v6 Yahveh has a bloody sword; it is blood filled. It is covered with bloody fat from lambs and goats, from fat of rams’ kidneys, because Yahveh has a sacrifice planned for Bozrah and a huge slaughter planned for the land of Edom. v7 And wild oxen will go down with them, and steers with strong bulls. And their land will be blood drenched, and their soil will be fat fattened. v8 Because there is a day of vengeance for Yahveh, a year of retribution for the strife of Zion. v9 And its streams will be changed to pitch and its soil to sulphur, and its land will become like burning pitch. v10 Night and day it will not be quenched; its smoke will go up forever. From generation to generation it will be in ruins; forever and ever there will be no one who passes through her. v11 But a large bird and a hedgehog will take possession of it, and an owl and a raven will live in it. And he will stretch a measuring line of perplexity out over it, and a plumb line of emptiness.
Up in smoke
This is one of those passages which gives us insight into the interpretation of New Testament descriptions of coming judgment. Edom’s coming judgment is described as if God is planning a sacrifice. The whole land will be bloody and filled with fat from the slaughtered corpses. Then it will all be consumed on a sacrificial altar, and the LORD will be pleased by the smell of the smoke going up into the sky forever. This is not a picture of eternal torment. Those sacrificial animals were not being perpetually tortured. They were killed, and the evidence of their destruction (the smoke) pleased God. That is how sacrifices worked.
So, when Revelation portrays this evil world lamenting Babylon’s destruction, it mourned when it saw the smoke from the fire that burned her up!1 So, when the redeemed shout, “Hallelujah! The smoke rises from her forever and ever”2 they are not relishing over the pain and suffering Babylon was experiencing, but rejoicing that she had been utterly consumed. The imagery in both testaments is that of a whole burnt offering. To take those statements as descriptions of an ever-burning hell where the souls of the lost are forever tortured is to abuse scripture and to offend God. God is a God of justice, and he decides what hell will be. His word describes hell as a place where sin is destroyed, along with the sinners who sin.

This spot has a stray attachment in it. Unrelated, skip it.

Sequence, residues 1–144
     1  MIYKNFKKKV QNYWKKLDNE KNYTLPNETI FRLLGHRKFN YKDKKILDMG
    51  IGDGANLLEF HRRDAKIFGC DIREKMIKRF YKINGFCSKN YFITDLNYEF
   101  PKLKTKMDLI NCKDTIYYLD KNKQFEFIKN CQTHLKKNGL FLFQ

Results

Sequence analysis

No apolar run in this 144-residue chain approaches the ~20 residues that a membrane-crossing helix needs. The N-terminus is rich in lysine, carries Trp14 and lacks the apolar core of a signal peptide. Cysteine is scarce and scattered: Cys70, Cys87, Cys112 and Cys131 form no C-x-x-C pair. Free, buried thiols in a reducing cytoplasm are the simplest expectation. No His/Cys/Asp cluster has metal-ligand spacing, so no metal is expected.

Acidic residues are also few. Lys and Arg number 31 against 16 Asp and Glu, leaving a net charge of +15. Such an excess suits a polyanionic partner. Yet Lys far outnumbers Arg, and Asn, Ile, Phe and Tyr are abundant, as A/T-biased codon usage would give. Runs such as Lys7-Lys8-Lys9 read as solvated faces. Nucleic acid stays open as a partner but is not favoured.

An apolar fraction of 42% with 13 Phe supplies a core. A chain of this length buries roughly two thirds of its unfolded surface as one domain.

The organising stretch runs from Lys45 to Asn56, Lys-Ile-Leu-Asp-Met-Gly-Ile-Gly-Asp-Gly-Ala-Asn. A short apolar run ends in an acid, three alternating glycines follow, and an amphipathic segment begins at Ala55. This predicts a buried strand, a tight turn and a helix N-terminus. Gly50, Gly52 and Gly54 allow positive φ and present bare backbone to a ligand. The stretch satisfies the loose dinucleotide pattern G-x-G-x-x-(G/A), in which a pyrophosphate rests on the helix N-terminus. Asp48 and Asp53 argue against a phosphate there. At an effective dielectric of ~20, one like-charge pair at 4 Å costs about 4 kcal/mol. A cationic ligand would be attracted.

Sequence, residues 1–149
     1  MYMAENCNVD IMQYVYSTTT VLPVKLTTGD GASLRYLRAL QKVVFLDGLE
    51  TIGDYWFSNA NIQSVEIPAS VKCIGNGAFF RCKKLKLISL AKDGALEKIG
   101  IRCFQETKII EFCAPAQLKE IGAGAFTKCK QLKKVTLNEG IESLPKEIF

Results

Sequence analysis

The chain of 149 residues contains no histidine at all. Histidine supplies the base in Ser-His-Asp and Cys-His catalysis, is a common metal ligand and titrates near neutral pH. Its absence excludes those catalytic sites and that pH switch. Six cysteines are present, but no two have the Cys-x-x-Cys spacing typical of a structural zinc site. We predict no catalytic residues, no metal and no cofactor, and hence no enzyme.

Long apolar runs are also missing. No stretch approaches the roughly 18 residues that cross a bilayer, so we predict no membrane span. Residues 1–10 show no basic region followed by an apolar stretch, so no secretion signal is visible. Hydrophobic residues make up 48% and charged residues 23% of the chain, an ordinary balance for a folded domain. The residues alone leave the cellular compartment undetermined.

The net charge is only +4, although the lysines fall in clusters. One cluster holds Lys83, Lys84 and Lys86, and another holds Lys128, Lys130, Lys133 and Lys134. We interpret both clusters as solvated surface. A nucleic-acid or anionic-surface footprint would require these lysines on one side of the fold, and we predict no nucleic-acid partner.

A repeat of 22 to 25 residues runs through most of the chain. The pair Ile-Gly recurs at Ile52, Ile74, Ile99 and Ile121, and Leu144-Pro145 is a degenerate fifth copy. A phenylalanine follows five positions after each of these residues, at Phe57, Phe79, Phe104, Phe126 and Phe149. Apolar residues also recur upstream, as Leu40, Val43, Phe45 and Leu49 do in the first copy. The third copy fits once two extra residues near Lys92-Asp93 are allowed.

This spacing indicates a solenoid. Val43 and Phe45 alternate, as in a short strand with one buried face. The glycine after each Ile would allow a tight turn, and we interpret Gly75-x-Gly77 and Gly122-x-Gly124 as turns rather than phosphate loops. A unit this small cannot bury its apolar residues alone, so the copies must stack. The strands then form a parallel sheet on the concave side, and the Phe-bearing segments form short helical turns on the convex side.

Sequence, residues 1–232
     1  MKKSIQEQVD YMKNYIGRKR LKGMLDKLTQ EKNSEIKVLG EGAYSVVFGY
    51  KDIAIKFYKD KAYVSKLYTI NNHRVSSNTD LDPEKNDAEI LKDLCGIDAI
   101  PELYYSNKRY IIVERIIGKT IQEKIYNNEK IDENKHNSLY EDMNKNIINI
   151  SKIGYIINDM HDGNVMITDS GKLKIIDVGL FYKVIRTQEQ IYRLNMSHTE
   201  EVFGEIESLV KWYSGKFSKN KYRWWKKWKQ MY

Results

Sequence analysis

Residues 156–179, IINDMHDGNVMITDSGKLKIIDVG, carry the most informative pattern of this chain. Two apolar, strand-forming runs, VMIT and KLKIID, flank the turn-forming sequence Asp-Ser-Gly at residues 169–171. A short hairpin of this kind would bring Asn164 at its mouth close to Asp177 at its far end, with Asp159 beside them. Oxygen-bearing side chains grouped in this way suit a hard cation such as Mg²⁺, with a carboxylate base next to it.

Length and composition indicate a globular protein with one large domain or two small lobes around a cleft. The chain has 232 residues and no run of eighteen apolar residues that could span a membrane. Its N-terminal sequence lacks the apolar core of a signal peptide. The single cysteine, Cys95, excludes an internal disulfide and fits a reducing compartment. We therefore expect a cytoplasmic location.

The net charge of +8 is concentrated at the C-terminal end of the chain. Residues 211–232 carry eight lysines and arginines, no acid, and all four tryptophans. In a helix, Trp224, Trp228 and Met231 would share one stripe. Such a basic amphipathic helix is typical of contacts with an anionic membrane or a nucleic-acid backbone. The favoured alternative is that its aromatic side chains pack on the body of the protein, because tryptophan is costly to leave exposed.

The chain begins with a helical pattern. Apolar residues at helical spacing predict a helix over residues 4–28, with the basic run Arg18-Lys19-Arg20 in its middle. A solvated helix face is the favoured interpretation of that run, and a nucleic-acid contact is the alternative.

Isaiah is also the first to use the metaphor of an unquenchable fire here. He says of that fire “night and day it will not be quenched (10).” But the context makes it clear that the fire continues as long as it takes to consume all the people in the land. The final state of Edom was not one of perpetual burning. The same verse speaks of Edom being left desolate and abandoned, in ruins. The next verse speaks of stray animals taking it over, because there are no longer any people to keep them out. Isaiah’s imagery is certainly not about a place of fiery torment kept going perpetually. It is about a place being cleansed of all its inhabitants. So, when Jesus speaks of coming final judgment, he describes the lost as chaff, being thrown into an unquenchable fire and burned up.3 The grain is saved, but the chaff is consumed by the fire. Isaiah sees Edom’s loss as eternal because they would be forever destroyed. Jesus predicts the same fate for lost sinners. The good news, from both the prophet and our Saviour, is that the redeemed will be saved from that coming destruction.
LORD, we rejoice that you will bring an eternal end to sin. We ask you to help us rescue the lost from that fate by proclaiming the gospel to all who will listen.